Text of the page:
‘Meh’-ctacle Filmmaking: Our Review of ‘X-Men: Apocalypse’

Posted in Movies, Theatrical by - May 27, 2016
‘Meh’-ctacle Filmmaking: Our Review of ‘X-Men: Apocalypse’

Even on the best of days, the hyperbole that is the internet can get a little overwhelming and you need to step away from it all.

With early reviews out there for weeks, comic book aficionados have been tearing X-Men: Apocalypse in theatres today a new…well, you know but it isn’t necessarily entirely deserved.  While it is far from the worse movie in the franchise, it is a disappointment based on the high standards that director Bryan Singer has set in the past because to be quite honest the film’s worst offense is that it’s actually kind of boring.

Looked upon as a god among men since the dawn of time, Apocalypse (Oscar Isaac) was the first and probably most powerful mutant as he amassed powers from other mutants for centuries, mankind locked him down and left him asleep for what they hoped would be forever, but now he is awake.  Disillusioned with the state of the world and the changes that have happened while he has been away, he recruits a team of incredibly powerful mutants, including Magneto (Michael Fassbender) in order to cleanse away humanity and make new world order over which he will reign.  With the fate of the planet perilously in the balance, Raven (Jennifer Lawrence) comes home to Professor Xavier’s (James McAvoy) school for gifted youngsters to lead a team of young X-Men  against one of the most powerful foes they have ever faced with the planet on the brink of extinction.

Clocking in at a hefty two hours and twenty minutes, X-Men: Apocalypse suffers from an excess of bloat as it tries to stay true to the comics but sacrifices on any meaningful character development from the myriad of new characters that get brought back into the saga.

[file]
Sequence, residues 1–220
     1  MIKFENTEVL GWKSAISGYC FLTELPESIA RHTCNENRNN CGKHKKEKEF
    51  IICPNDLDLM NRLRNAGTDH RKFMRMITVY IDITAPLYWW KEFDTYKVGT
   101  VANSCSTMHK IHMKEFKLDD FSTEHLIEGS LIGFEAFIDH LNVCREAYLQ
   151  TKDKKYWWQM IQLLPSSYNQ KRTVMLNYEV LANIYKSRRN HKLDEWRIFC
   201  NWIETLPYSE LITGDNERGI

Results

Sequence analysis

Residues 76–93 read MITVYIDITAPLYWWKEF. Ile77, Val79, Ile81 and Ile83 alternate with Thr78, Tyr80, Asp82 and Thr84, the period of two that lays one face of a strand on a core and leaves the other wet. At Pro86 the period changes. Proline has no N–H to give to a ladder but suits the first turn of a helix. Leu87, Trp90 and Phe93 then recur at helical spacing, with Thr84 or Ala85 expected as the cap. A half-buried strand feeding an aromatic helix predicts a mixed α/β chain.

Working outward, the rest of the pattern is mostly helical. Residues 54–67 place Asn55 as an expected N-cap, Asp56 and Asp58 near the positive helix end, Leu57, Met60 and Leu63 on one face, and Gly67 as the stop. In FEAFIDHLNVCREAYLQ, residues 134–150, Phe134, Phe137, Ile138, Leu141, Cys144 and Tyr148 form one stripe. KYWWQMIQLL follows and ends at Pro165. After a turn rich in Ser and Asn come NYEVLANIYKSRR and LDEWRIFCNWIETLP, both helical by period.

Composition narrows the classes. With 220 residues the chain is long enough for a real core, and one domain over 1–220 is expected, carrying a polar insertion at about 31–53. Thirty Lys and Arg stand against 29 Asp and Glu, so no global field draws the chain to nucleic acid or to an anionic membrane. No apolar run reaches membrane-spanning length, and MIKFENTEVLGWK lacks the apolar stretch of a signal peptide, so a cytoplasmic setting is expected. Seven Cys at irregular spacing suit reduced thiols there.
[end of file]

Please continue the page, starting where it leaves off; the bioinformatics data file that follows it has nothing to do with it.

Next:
Sure the on screen carnage is fun, and things blow up real nice but the narrative of it all is way too scattershot to allow for any legitimate emotional resonance with any of the characters, either old or new.  It just feels like we are going through the motions and when the film tries to focus on the new dynamic of the new actors playing young versions of Cyclops, Jean Grey & Nightcrawler, the sad reality is that we just don’t give a damn.  Singer forgot why people were drawn to the comic books in the first place, it was the compelling characters and with the exception of Evan Peters as Quicksilver none of these new rebooted characters in these installments actually make us give a damn about them.  It’s just getting a little too flat as there are too many moving parts for this story to settle down and hope that we get engaged as screenwriter Simon Kinberg, who last worked on the disastrous Fantastic Four movie never gives us anything meaningful and just skims along the surface so we can get as much actual story and actual action as humanly possible crammed into the film.

McAvoy and Fassbender are always pretty great no matter what they are doing but Jennifer Lawrence was wasted as one note rallying call to get these new X-Men fighting.  Oscar Isaac felt like he was trolling it all, as his performance really had nothing other than one dimensional menace to it all while the likes of Tye Sheridan,  Kodi-Smit McPhee and Sophie Turner are supposed to make us care that they are there as the next generation of X-Men, but unfortunately we really don’t.  It’s a movie that just tries to do too much and at the end of the day, everyone involved suffers for it.

Ultimately, X-Men: Apocalypse will be passable enough for most of the fans of the franchise, but at the end of that 140 minute run time, you won’t be able to shake the feeling that they might have been able to do a little bit better.

This post was written by
David Voigt is a Toronto based writer with a problem and a passion for the moving image and all things cinema. Having moved from production to the critical side of the aisle for well over 10 years now at outlets like Examiner.com, Criticize This, Dork Shelf (Now That Shelf), to.Night Newspaper he’s been all across his city, the country and the continent in search of all the news and reviews that are fit to print from the world of cinema.
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